Rail freight


High winds ‘blew freight container off train’ in Cumbria

High winds blew a 30-foot container off a freight train travelling at 75mph on the down mainline in the vicinity of Scout Green, Cumbria, earlier this month, investigators have said.

 The empty container, blown off an FEA(B) wagon that formed part of train 4S83 (the 23:54 hrs service from Basford Hall to Coatbridge), passed over the adjacent up main line and came to rest at the bottom of the up side embankment after knocking over trees and a boundary wall. 

Although the incident did not result in injuries, the potential for more serious “consequences is evident,” stated the Rail Accident Investigation Branch (RAIB), which is now carrying out an independent inquiry into the event that occurred on 7 March. 

The RAIB added that preliminary investigations suggested the inward hinging spigots fitted to the FEA(B) wagon involved in this incident did not comply with the dimensional tolerances specified in standard UIC 571-4. 

It was added that the freight train operator was aware of this and was aiming to control the risk of containers being blown off. 

For instance, if winds of over 55mph were forecast, any empty containers should have been pinned down or the maximum train speed reduced to 60mph. 

The forecast wind-speeds for Cumbria at the time were less than 55mph, which meant there was no procedural requirement to limit the train’s speed or pin down empty containers. However, local measurements at Shap weather-station, suggest that the actual local wind-speed was around 62mph . 

Since the incident, the freight operator has reduced the 55mph wind-speed threshold to 41mph and issued a National Incident Report (NIR) to inform the rest of the railway industry. RAIB has also issued Urgent Safety Advice.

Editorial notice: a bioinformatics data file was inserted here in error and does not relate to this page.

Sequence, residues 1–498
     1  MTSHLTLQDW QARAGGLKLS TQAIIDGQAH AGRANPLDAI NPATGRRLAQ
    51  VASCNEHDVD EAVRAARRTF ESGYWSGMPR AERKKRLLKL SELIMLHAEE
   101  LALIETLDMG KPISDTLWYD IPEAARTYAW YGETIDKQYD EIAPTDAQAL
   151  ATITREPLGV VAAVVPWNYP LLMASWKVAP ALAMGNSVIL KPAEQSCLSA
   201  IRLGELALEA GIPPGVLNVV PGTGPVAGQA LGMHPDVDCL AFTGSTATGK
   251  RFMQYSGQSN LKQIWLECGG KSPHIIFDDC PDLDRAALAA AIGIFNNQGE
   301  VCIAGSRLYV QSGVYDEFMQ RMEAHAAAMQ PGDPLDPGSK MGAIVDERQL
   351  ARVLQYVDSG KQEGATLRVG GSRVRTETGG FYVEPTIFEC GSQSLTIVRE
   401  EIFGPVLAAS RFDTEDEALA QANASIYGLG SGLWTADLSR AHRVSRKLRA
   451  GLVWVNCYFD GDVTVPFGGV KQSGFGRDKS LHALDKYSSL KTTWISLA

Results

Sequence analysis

RAIB’s investigation will now consider the sequence of events and factors that led to the incident, including actions taken in response to similar incidents at Hardendale and Cheddington in 2008.

(Image: c. Network Rail) 

Tell us what you think – have your say below or email opinion@railtechnologymagazine.com


Baz Hall   28/03/2015 at 10:02

This is not the first time a container has come off a train due to high winds. Surely the twist locks should have kept the container in place. And this would have never happened. Would be very interested in knowing who operated the train and whose FEA wagon it was. Strangely not mentioned in the article. Also who manufactured the wagon and safety accepted it into service on NR?. More interestingly and again not mentioned, have all FEA wagons been grounded pending a check on the "inward hinging spigots" to see if they meet the required dimensional tolerances? Reducing speeds are all well and good, but if the wagon infrastructure is wrong then this is just unacceptable. It would be like operating a container ship with a small and known hole in hull. In strong winds or high seas, the captain would just take it a bit easier.

Tony Williams   31/03/2015 at 21:28

What makes this incident more serious, is the fact it appears that the incident happened on the seventh of march. And a friend of mine told me that a colleague of his, who spotted it from the road, reported it something like ten days later in the middle of march, and I believe nobody at that point even knew it was missing. Going by the earliest date on the media report 23rd march. This seems to bare that out ? If this is incorrect, what date was it found ?

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